If ever Indian history has seen phenomenal rise of Hindus as a united force then it must be in Maharashtra. The biggest movement of all, which has attracted the major share of historical attention, was that of the Marathas. This hardy, capable, and rough-hewn people stretched along the Western Ghats, spilling over into the narrow coastal plain of the Konkan and across the Deccan towards central India.
They consisted mainly of a minority of highly intelligent and exclusive Brahmins and a majority of the Shudra or cultivator class. They were short and stocky, unhandsome in appearance but wiry and enduring, tenacious, enterprising, and preserving. They lived in a poor country, had few monuments of the past and little taste for the graces of the life. Hitherto they had no history, but they had the sense of belonging which is one of the prerequisites of national feeling.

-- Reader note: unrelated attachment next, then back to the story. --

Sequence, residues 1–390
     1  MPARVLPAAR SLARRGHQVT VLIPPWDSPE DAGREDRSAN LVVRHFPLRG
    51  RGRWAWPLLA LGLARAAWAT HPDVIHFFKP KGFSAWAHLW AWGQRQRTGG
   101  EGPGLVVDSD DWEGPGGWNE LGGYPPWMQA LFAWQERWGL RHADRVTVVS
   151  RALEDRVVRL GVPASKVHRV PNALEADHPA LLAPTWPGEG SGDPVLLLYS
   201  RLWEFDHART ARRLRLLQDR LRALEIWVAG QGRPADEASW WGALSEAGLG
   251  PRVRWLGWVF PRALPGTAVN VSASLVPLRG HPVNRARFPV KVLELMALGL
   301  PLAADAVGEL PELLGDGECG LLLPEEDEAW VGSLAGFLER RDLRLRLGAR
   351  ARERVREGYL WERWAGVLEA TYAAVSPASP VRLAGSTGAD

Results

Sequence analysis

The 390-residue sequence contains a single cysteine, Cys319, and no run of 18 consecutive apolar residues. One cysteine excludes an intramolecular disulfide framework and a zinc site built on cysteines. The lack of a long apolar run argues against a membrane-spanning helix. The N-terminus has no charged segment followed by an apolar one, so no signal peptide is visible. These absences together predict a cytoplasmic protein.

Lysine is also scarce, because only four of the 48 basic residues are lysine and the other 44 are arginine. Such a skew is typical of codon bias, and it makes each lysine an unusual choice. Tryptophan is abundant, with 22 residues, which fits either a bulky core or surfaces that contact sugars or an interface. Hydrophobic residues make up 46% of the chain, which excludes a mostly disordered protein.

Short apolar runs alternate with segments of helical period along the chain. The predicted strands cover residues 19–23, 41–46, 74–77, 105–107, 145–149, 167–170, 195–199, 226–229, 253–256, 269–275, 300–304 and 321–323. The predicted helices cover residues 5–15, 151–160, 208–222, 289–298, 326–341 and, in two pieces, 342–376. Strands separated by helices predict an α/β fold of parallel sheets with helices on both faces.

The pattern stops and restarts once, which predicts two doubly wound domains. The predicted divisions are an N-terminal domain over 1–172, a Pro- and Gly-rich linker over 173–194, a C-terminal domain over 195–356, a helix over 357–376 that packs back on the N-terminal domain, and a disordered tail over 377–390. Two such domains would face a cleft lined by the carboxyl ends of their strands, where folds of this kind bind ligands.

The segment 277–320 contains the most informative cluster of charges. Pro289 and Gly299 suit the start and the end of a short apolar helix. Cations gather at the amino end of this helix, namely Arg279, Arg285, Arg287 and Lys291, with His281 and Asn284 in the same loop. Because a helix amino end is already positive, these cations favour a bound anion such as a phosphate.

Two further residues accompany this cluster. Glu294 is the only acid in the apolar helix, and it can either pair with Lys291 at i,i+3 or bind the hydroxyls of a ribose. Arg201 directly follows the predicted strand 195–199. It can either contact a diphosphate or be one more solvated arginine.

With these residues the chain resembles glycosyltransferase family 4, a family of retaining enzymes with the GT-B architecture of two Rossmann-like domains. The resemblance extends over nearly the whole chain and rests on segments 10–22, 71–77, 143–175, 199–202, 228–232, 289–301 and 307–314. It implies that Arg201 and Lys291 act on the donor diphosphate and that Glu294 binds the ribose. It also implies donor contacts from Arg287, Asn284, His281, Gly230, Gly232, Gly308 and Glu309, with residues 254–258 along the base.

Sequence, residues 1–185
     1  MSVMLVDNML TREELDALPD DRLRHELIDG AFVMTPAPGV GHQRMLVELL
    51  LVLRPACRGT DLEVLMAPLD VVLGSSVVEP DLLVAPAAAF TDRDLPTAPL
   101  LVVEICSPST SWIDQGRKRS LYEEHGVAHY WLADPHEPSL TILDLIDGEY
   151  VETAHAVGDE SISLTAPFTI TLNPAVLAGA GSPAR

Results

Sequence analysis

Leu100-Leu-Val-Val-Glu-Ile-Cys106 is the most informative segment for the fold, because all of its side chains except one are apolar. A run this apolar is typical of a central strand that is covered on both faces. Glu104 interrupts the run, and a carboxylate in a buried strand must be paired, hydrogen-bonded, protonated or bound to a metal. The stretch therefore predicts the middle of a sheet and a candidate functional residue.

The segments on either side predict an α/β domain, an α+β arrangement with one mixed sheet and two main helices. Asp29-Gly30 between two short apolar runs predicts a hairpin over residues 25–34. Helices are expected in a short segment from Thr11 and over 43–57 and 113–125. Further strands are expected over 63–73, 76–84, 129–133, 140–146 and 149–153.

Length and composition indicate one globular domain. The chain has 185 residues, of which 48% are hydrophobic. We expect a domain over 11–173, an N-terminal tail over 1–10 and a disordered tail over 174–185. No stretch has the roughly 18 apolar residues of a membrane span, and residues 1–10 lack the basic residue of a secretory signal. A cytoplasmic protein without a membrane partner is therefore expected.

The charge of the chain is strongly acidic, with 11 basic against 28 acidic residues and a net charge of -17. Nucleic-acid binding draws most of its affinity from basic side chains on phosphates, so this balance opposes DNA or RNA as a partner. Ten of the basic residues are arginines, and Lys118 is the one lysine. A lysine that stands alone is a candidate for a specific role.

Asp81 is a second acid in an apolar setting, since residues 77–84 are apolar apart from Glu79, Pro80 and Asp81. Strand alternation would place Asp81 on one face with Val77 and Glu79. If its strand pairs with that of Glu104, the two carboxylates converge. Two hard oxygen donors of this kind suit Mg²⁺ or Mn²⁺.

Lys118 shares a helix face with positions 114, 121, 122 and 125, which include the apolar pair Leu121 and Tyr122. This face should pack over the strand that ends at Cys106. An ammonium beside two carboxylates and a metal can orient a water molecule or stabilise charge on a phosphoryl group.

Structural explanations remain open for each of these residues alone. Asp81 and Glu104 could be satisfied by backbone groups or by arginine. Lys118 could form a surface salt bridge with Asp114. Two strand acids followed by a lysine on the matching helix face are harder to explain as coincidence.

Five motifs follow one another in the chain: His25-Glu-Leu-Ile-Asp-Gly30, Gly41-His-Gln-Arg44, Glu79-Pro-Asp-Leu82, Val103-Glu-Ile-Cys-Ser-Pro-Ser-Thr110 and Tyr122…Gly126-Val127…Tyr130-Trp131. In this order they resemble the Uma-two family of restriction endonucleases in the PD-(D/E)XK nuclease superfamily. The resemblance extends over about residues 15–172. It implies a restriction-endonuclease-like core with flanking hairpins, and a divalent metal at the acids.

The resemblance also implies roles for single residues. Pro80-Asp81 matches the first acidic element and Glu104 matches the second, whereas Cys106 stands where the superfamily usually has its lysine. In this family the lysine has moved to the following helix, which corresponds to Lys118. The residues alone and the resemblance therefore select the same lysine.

It is difficult to say why they burst forth with such brilliance in the seventeenth century unless one surrenders to the great man doctrine and attributes it all to Shivaji. Nor can one say that Muslim intolerance or invasion touched off a national Hindu movement. If this were so, why did they not rise against the Muslim Bahminis in the fourteenth and fifteenth centuries, who were much more active than Bijapur in the sixteenth and no more tolerant than the Mughals?
The rise of the Marathas can be attributed to all these facts. The Muslim intolerance towards Hindus coupled with the leadership of a great man Shivaji.
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